8 lessons I won’t be teaching my daughter

Mothers of daughters have a tough job, and a much tougher responsibility. As a feminist myself, I will of course raise my daughter the same way, meaning I will not subscribe to some of the more traditional parenting ideologies and styles.

I want my daughter to be fearless and strong, and emotional and kind, all at the same time. I want her to grow up knowing she deserves the world and more, especially now where we have a number of people (particularly in the political spotlight… AHEM… no names…) who think it is still acceptable to treat women like they are a lesser species. My daughter will NEVER be made to feel like this.

So, here are 8 lessons I won’t be teaching my daughter, in the hope that she grows up to be that fearless princess dinosaur that I already know she is on the inside.

1. Children should be seen and not heard

This is outdated and completely limits children’s imagination. I want Olivia to be comfortable in her own home, and everywhere else, to speak her mind and to be sociable. I will obviously still be teaching her respect for others and patience (waiting her turn when someone else is talking), but that doesn’t need to go hand in hand with mandatory silence.

2. Don’t get your clothes dirty

How else do you measure a child’s enjoyment if not by the amount of muck they manage to get on themselves in a day? My daughter WILL play outside and she absolutely WILL NOT be afraid of mud.

3. That’s a boy’s toy/not for girls to play with

Ugh, gender stereotyping. If she wants to play with a football, she can. If she wants to wear a princess dress while playing football, she can. If she wants to dress up as a dinosaur and do ballet, she can. The point is, again this is another silly social construct that limits our children’s imaginations. I don’t ever want her to feel that she can’t do something because she’s a girl, and that starts even at the youngest age with telling them they can’t have certain toys, games or clothes!

4. Don’t be bossy

Firstly, it’s not “being bossy”, it’s leadership skills. I am HATE the word bossy and I will never use it to describe my daughter. She is strong-minded, strong-willed and incredibly confident and independent. She is a handful at times. She likes being in charge and having people follow her lead. She is not bossy. A boy is never described as bossy, because it’s somehow a demeaning word, and I don’t want to suppress all of those amazing qualities Olivia has into that one word.

5. Be more lady-like

My daughter is funny and gross at times, but I don’t care. She’s a kid. I’ll teach her to be polite, kind and courteous, but not to be more lady-like. Plus, boys should be showing those qualities too!

6. Ladies first

I hate this. It makes me cringe. I’m all for holding doors open for people, but I have a particular disdain for someone holding it open and saying “ladies first” as I walk through. JUST WHY? Why and how did that even become a thing?

7. Respect your elders

Nope. Respect is earned. Not everyone deserves your respect purely because they were born before you. As above, I’ll teach my daughter to be polite, and respectful, but not that a certain class of people can demand respect from her. It’s hers to give!

8. You have to hug/kiss [insert relative here] hello/goodbye

Her body, her rules. I respect her autonomy. I never force her to give hugs or kisses if she doesn’t want to. She is an affectionate little soul and if she wants to show affection she will. If not, I don’t really care who it upsets. Everyone needs to respect that SHE decides whether she wants to hug/kiss them.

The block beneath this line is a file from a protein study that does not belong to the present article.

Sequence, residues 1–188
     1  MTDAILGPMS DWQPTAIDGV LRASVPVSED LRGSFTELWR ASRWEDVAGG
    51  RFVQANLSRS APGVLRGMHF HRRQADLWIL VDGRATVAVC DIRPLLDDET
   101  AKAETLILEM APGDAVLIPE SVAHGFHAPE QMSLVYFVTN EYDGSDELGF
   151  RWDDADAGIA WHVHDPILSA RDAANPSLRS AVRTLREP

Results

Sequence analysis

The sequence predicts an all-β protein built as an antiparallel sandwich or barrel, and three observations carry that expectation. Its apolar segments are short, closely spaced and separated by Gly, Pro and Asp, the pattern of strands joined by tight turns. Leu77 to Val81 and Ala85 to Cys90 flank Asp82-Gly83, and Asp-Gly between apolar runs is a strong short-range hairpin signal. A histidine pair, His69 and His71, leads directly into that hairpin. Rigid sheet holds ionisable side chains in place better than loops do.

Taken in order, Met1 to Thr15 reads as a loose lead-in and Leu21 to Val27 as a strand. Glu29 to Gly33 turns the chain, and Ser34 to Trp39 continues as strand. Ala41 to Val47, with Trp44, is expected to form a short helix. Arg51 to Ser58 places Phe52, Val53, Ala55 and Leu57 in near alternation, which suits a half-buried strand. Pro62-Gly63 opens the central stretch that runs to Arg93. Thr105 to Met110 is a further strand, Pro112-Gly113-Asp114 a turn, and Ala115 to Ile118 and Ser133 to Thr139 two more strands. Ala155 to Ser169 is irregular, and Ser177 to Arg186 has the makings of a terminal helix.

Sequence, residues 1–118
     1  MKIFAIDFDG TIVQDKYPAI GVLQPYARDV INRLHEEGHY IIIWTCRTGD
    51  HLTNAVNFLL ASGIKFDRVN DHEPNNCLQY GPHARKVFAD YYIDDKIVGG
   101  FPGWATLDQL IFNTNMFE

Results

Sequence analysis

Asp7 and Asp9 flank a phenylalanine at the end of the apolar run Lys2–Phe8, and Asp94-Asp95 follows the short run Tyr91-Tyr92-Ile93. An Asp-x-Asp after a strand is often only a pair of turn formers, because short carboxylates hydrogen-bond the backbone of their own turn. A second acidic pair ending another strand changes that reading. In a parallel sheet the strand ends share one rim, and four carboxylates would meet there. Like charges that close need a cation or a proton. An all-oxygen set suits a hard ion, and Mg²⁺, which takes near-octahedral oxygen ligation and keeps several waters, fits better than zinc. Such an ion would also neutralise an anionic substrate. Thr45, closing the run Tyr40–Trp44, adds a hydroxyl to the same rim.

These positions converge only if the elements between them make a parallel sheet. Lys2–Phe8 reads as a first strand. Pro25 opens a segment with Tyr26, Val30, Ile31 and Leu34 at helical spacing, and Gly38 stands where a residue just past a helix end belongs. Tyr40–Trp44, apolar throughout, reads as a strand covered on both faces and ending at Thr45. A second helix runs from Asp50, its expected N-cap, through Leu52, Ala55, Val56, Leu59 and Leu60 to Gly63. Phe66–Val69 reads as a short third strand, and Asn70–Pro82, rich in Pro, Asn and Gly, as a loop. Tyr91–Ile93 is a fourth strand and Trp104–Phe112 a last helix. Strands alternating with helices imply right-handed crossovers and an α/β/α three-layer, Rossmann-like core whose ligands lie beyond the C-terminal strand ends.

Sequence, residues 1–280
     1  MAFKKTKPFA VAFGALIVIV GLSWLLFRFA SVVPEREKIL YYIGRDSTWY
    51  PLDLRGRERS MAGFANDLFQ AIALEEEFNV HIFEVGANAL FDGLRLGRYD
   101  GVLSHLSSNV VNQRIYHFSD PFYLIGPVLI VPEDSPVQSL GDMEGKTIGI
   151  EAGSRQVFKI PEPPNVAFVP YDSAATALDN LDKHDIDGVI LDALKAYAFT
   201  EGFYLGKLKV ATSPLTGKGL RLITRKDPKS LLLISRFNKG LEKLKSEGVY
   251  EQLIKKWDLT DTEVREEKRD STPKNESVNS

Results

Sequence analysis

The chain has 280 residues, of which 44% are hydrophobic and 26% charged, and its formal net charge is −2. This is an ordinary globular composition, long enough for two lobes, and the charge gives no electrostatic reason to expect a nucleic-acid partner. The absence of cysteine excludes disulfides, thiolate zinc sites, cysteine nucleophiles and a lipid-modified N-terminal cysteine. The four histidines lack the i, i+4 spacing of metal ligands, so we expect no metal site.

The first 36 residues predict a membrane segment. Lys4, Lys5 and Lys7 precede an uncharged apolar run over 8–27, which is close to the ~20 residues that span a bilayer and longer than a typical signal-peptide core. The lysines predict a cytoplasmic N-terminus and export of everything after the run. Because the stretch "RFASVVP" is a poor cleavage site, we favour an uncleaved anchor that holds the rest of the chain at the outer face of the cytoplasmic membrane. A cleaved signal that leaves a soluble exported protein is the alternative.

What other parenting rules are you breaking? What will/won’t you teach your children and why?

If you liked this you may enjoy reading…

Steps I am taking to be a ‘Sex Positive’ Parent to my Toddler…

Sex Positivity is all about embracing sexuality and understanding that sex and everything relating to it, is a natural part of life as a human being.

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Like most of us at Mummykind, you may have grown up in a family environment where not even a word about sex was ever uttered- leading you to experience feelings of shame, guilt or discomfort about a wide range of completely natural sexual subjects. Sex positivity and awareness of sex isn’t exclusive to contraception and the big talks that we may have once had as a teenager. Sex Positivity is all about embracing sexuality and understanding that sex and everything relating to it, is a natural part of life as a human being.

 

 

I stumbled across a fantastic page on Instagram @sexpositive_families (some of their infographics and quotes are featured on this post!) several months ago- it promoted the importance of sex positivity in families, especially in parenting and since then I have made a conscious effort to be the most sex positive Mummy I can be! We all want our children to be happy and healthy,  I think its massively important to remember that raising healthy children goes beyond what they’re eating and how much exercise they get- Their mental and sexual health is massively important too! 

Needless to say- “sexual health goes beyond just puberty, basic human biology and very occasional sex talks.” When we start sexual health talks and awareness early, we give our children awareness that affirms they are neither strange nor wrong for any of what they are experiencing. 

Obviously the Mummykind kids are between a few months and three years old, so the sex positive parenting steps that I am going to recommend will mainly cater for this age.


As parents we have to tell little white lies all the time- about father Christmas, about the tooth fairy, about how long 5 minutes is- but sex, relationships, sexuality and bodies are some of the things we should always try to be honest about. 

  • Do not ban any words at home, no matter how uncomfortable they might make you feel.